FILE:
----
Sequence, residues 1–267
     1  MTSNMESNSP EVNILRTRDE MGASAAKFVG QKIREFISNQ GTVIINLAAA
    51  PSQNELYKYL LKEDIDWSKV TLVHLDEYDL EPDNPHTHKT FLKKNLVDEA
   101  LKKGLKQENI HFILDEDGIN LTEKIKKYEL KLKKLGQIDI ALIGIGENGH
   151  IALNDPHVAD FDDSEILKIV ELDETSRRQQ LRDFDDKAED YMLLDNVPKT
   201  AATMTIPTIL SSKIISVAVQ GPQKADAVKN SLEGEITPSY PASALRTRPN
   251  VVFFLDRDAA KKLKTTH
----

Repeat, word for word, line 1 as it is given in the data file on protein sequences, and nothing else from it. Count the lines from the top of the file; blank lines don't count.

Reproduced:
Sequence, residues 1–267